The legacy of musician, composer, band leader and visionary Sun Ra comes to the Union Chapel in Islington for one night April 14th 2016.
‘So slowly that it seems to not even be happening, the lights begin to come up. A single drummer in dark glasses, hood, and sparkling tunic, who can just be made out standing behind a six-foot carved drum, raises two strangely shaped sticks and begins a rhythm… others in robes, weird hats, all in dark glasses, take up his beat and add to it until the rhythm becomes a polyrhythmic snarl… Now the horns are heard, one by one, then all in a knot of dissonance, a trumpet piercing the air above them… And there in the middle of it all, his face impassive, sits a stocky, middle-aged black man in a cockpit of electronics. On his head is a cap which appears to be a working model of the solar system. He fingers, then thrashes the keyboards around him with his fists and forearms. And so it would go for the next four or five hours…. Sun Ra was in the house and in his universe’.
Owing to the recent 100th anniversary of his birth, there has been a marked revival of interest in the work of enigmatic jazz iconoclast Sun Ra. Often described as a lunatic and a genius in the same breath, Sun Ra re-wrote the rule book on traditional tropes of jazz, with his often wildly experimental music drawing from the entire history of jazz – from ragtime and swing, to bebop and free jazz. And a whole lot more besides.
In mid-30s he claimed he was abducted and taken to Saturn, and that he was actually originally from the planet - ‘They [the extra-terrestrials from Saturn] told me the world was going into complete chaos... I would speak [through music], and the world would listen. That's what they told me… I am of another dimension. I am on this planet because people need me’ Ra would recount at a later date. This marked his change from a relatively conventional jazz band leader, to the mythical and ethereal persona that merged science fiction with Egyptian mysticism. It also marked a change in his music, as he turned from the big-band swing he had been making with his band to the outer-space-themed ‘cosmic jazz’ for which he is more renowned, and influenced the formation of the ideology Afrofuturism, which is reflected in Ra’s explicitly extra-terrestrial compositions.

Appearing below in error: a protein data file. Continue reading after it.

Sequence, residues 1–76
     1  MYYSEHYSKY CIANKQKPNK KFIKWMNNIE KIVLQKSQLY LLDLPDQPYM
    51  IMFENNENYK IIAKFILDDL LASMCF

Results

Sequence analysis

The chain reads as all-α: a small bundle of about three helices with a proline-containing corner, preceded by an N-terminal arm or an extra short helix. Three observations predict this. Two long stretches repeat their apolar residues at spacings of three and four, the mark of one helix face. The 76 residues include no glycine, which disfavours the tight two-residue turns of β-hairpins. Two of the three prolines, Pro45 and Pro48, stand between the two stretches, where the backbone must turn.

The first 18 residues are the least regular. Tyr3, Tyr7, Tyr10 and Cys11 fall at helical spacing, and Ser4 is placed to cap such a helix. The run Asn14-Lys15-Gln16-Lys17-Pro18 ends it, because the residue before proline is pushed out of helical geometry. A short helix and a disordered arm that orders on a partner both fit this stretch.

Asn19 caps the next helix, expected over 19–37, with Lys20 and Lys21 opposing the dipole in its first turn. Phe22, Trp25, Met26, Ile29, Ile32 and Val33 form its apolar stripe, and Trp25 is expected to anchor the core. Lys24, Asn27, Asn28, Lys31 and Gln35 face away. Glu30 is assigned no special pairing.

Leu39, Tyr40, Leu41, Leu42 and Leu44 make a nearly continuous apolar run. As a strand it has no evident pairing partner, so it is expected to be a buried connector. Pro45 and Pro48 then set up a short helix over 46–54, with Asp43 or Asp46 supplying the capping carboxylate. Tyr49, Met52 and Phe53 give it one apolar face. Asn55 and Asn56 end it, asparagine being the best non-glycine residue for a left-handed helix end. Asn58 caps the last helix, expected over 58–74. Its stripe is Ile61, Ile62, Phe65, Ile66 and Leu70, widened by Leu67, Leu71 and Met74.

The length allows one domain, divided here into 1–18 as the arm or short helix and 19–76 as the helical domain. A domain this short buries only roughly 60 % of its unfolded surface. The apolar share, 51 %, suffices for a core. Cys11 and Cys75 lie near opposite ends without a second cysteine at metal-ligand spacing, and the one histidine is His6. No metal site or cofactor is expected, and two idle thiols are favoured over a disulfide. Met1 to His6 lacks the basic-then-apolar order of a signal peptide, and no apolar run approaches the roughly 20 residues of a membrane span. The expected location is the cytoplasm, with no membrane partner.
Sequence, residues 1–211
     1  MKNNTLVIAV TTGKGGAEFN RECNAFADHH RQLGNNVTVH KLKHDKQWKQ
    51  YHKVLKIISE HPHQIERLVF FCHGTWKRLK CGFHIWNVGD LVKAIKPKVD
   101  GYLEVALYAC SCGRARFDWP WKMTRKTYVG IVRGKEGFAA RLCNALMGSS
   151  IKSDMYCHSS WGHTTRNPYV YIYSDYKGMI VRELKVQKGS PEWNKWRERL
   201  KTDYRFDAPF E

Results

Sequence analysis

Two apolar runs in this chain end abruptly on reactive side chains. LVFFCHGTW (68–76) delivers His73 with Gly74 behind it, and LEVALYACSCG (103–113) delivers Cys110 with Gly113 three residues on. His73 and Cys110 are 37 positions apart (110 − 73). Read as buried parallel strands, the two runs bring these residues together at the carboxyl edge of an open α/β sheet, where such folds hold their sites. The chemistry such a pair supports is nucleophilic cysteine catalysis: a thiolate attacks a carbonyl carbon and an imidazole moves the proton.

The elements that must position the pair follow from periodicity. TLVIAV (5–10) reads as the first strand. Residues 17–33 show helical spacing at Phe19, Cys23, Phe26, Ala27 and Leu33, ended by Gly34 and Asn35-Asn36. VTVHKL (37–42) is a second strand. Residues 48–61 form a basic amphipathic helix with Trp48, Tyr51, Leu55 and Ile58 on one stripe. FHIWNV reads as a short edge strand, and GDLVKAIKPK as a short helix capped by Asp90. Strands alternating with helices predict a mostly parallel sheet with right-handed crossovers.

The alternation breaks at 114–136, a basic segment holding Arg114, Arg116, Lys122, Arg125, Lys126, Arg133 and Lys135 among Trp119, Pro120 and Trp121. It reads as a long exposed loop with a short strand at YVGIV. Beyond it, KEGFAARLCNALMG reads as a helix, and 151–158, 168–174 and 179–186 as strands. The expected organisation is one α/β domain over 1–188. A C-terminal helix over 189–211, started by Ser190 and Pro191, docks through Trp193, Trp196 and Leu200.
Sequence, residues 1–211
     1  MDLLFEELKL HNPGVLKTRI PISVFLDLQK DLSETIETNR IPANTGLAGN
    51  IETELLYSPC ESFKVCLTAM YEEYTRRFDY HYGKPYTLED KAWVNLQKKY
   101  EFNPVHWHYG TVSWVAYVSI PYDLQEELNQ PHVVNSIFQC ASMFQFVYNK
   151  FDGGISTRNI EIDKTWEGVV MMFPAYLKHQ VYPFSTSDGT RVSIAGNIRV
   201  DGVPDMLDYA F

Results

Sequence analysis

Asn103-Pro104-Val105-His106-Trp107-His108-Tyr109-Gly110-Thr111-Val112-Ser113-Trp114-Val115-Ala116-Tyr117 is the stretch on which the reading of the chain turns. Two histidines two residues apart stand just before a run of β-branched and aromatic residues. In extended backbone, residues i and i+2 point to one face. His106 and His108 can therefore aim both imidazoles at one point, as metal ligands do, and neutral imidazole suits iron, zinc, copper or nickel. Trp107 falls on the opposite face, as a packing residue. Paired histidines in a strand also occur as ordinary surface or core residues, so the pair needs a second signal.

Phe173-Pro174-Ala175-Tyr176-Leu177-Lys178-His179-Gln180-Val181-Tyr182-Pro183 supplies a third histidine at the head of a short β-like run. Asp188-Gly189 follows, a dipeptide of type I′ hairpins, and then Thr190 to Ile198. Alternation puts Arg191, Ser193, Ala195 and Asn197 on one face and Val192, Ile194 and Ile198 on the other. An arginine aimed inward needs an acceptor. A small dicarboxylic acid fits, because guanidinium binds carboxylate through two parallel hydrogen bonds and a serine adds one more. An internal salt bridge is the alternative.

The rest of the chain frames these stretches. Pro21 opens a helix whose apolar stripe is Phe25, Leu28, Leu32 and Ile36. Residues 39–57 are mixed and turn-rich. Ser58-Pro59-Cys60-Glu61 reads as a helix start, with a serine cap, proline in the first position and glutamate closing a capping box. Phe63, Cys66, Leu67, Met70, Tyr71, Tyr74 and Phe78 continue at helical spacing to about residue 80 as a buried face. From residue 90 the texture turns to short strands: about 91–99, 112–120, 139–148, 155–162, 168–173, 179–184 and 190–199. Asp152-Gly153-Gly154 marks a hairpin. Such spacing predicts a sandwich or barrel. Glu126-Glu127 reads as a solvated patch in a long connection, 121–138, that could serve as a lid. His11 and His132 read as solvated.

His Arkestra, featuring up to 30 musicians, dancers, fire-eaters, singers and elaborate lighting, not to mention the outlandish, Egyptian style futuristic costumes. These costumes and stage designs were not there for theatrical diversion – they were an integral part of the total cosmic immersion expressed by the music and helped to create a visual and aural cornucopia that often divided audiences. For instance, Ra was once asked to perform for an early experiment in music therapy at a mental hospital and whilst playing, a patient who hadn’t spoken or moved for many years rose from where she was sitting, walked over to the piano and cried ‘do you call that music?’ However, support came from two of the architects of bop – Dizzy Gillespie told Ra to ‘keep it up’ and Thelonius Monk, when asked about Ra’s music, simply said ‘it swings’.
Moving his Arkestra into a communal house in Philadelphia in 1968, he would often wake them up in the middle of the night to rehearse for up to 12 hours. Forgoing all drugs and alcohol, rarely sleeping, and continually spreading his message of Afrofuturism to any that would hear, the locals who lived nearby could only complain of the unorthodox practice hours.
Ra was also one of the early pioneers of the keyboard, in particular the Moog model – he was known to both conduct and play up to six keyboards simultaneously at live performances. At a time when the keyboard and synthesiser were seen as novelties, Ra uses them to great effect, frequently altering them himself, and in the process, broadening his musical palette with unearthly textures and harmonics. Concerts were very frequent, with the Arkestra embarking on a 25 year world tour commencing in the mid-60s and playing shows up until Ra’s death. He recorded well over 100 albums of material, released from 1946 until the year of his death in 1993. Many of these were released in very small amounts through his own record label, El Saturn Records - Thurston Moore, the experimental guitarist and former leader of alternative grunge band Sonic Youth, saw the influence this method of music distribution had on the independent music scene and declared that ‘Ra was more punk than punk even pretended to be’. Influencing both his contemporaries and modern-day musicians, Sun Ra altered the way many artists approached and listened to music, spanning all genres from hip-hop to grunge.
After Ra’s death in 1993, long time band member Marshall Allen took over as bandleader. Even at 91 years old, Allen still performs with the fervour and vigour of Ra himself, and the upcoming Sun Ra Arkestra concert at the Union Chapel on the 14th April is surely not worth missing. Featuring direction from Allen, and many of the original band members who played under Ra, this is as close to the futuristic sonic madness expertly woven by Sun Ra throughout nearly 40 years of tireless music production we can get.